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Irish mum's instinct saved 'dead' baby

It was a moment when shock, joy and anger all mixed into one.





Melissa and Michael Redmond, from Donabate in north Dublin, were looking at and listening to their unborn child's heartbeat.



The day before, they were told the child was dead. The day after, if Melissa had not trusted her instincts, he would have been.



On Wednesday, July 22 last year, Melissa, then eight weeks pregnant, was told by a doctor in Our Lady of Lourdes Hospital in Drogheda, Co Louth, that her pregnancy had failed.



The couple already had two young children, Cian, then seven, and Tara, then two, but Melissa had miscarried four times in the past and asked for an early check-up to make sure things were okay this time around.



"I knew myself that if I had another miscarriage, I wasn't going to try for another child -- that was it," she told the Irish Independent.



An initial scan carried out at six weeks showed no heartbeat -- which is not uncommon for that stage in pregnancy.



As the weeks wore on, Melissa started to feel symptoms similar to those experienced during her two successful pregnancies.



"I was getting morning sickness. And I had other symptoms like full breasts and I was very tired."



They were due to travel to the Lourdes again for another scan when she was eight weeks pregnant.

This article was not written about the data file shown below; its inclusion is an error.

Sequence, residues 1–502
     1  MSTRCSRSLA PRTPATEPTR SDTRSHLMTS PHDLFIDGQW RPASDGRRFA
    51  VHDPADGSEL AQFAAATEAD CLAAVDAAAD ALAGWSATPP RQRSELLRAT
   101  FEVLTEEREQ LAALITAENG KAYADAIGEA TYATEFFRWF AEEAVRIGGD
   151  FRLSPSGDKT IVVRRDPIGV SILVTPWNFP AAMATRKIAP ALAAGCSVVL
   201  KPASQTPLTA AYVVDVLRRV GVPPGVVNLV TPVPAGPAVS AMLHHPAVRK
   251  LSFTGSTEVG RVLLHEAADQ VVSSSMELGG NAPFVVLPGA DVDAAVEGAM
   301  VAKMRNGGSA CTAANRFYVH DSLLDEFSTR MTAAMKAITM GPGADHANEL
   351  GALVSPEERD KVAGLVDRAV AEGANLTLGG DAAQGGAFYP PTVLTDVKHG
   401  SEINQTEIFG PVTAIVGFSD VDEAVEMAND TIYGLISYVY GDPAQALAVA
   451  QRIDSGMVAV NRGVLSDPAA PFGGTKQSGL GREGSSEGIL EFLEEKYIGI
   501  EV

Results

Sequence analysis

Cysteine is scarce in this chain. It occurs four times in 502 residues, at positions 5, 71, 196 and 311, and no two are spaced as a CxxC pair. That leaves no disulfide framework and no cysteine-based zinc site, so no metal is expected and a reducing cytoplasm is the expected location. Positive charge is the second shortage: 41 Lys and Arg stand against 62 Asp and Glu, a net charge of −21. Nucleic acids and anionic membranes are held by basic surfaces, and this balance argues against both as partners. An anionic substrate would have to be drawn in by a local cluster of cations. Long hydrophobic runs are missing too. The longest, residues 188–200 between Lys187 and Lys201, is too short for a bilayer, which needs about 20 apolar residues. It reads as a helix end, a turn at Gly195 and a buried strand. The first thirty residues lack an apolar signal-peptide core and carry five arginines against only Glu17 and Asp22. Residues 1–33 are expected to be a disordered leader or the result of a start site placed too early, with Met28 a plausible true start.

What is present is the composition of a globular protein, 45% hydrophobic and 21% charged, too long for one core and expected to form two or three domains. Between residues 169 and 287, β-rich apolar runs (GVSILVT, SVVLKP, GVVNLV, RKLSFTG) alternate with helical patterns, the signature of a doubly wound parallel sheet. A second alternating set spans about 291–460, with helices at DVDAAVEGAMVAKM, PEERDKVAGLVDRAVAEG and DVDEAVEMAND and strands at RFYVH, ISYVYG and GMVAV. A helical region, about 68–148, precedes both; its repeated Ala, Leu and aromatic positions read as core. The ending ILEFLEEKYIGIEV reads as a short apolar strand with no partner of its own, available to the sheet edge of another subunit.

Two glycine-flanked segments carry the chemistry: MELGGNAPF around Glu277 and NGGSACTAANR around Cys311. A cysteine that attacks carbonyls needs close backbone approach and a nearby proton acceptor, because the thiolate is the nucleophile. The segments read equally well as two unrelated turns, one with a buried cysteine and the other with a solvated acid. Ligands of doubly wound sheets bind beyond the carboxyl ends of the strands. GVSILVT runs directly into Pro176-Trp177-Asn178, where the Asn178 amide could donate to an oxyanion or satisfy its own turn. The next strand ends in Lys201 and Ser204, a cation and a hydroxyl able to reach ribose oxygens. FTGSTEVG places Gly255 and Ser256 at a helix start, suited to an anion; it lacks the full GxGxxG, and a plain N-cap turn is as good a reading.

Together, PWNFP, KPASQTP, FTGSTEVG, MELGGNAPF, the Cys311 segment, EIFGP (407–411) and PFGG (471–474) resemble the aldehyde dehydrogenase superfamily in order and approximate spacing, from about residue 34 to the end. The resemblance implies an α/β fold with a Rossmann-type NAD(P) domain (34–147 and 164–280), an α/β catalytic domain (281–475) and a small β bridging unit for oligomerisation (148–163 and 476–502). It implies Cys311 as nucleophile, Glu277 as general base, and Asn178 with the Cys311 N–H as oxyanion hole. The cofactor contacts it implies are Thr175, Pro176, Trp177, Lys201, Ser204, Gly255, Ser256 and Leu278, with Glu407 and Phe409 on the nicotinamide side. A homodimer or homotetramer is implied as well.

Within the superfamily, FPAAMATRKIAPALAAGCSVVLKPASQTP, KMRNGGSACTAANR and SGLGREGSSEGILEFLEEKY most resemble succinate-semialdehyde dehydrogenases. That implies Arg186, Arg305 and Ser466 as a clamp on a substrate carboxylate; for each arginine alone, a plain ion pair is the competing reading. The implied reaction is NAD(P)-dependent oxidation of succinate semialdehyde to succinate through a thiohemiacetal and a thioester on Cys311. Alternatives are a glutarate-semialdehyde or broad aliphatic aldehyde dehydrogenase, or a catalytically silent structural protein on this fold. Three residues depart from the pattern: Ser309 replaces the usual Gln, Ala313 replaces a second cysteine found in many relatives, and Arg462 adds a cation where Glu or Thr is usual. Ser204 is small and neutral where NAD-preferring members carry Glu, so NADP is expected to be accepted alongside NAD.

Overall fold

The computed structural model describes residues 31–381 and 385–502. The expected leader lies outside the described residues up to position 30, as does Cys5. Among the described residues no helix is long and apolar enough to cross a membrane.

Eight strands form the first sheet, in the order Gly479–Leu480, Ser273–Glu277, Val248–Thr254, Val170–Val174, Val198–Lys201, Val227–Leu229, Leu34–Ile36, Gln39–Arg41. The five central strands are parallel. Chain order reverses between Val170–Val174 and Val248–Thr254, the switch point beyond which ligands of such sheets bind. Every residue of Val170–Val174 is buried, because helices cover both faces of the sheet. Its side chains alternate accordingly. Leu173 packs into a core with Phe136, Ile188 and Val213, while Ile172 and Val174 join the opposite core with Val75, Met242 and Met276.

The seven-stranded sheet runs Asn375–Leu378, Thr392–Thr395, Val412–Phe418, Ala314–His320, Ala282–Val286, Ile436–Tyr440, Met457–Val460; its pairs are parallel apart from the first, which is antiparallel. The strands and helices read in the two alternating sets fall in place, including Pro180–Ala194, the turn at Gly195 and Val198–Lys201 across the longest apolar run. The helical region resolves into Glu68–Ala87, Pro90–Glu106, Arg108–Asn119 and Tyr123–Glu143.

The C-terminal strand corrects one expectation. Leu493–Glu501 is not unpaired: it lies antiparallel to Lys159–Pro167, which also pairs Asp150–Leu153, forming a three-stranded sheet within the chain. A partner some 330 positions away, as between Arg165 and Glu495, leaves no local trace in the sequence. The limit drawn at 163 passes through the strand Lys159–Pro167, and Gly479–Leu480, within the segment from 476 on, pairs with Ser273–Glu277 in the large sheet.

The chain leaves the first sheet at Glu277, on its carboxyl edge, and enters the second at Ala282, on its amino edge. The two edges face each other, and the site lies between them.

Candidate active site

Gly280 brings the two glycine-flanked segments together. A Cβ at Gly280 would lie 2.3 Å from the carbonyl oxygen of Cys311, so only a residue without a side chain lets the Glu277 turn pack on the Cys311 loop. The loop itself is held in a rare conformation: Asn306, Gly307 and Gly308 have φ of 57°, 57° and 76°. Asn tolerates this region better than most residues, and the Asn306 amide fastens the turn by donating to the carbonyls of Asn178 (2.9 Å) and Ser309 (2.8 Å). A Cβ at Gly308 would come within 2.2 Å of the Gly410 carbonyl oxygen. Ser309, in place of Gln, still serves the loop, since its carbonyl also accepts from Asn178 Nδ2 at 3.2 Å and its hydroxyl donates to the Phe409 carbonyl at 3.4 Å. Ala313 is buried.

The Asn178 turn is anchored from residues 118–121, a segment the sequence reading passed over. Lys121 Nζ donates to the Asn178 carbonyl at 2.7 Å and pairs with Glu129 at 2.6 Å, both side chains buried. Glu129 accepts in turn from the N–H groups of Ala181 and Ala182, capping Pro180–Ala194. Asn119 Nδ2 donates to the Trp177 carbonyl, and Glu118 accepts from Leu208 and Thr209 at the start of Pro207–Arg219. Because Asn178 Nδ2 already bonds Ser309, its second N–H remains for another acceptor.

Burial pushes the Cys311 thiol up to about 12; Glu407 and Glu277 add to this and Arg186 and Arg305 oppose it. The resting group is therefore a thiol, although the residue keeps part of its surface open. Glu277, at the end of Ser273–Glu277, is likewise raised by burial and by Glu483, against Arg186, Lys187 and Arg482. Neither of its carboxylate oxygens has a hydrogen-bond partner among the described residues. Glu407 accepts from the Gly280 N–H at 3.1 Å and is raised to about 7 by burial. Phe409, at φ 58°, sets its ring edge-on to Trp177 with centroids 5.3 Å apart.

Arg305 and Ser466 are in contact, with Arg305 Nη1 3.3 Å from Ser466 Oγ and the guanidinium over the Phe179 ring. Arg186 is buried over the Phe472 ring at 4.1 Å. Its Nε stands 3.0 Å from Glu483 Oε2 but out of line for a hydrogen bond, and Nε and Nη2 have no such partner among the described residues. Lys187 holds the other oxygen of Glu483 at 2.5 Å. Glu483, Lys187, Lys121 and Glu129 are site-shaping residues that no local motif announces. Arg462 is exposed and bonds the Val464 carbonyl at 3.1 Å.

"As we were driving there, I said to Michael: 'Don't worry about this one, this is going to be fine, there's going to be a heartbeat.'



"He dropped me off and said he would go and park the car. So I went up and knocked on the door and they called me in straight away.



"They proceeded to do an internal scan and I could see on the screen that the foetal sac had grown. So I was looking at it, thinking 'thank God'.



"It must have been only a minute or two. It was a really quick examination. The doctor turned off the monitor and she said to me: 'No, this is not going to progress'.



"I was stunned, just stunned. They started to talk to me about my options and I asked them to go and get my husband.



"As he was walking through the door, the midwife looked at him and told him it wasn't good news. He was stunned."



The couple sat down and decided to have a D&C procedure to remove the 'dead' foetus.



They were told to come back on the Friday, two days later, to have the procedure done and Melissa was given abortive medication to take on the morning of the operation.



"I believed them when they told me because they were the professionals, but in my heart I was thinking: 'How can this be?' I was showing all the symptoms.



"And they said to me: 'Those symptoms can last for seven days after you've lost your baby.' They wouldn't even do another scan in two days time or anything like that. They just completely dismissed it."



She had to relay the heartbreaking news to her family, who were celebrating another birth. Melissa's brother and his wife had had a child in the Lourdes that day.



She also had to break the news to her eldest son, Cian.



Cian had already been told to be "good for mammy" while she was pregnant. Melissa remembered his joy when she had earlier whispered "there's a baby inside my tummy" in his ear.



"When he came home I said: 'Pet, holy God is after taking the baby away.' And he was upset -- of course he was, because he knew of one previous miscarriage.



"He didn't know there were four. He knew of one previous one because I had told him, and he thought 'oh no, holy God is after taking this one on me again'. So he accepted it. He was upset for me."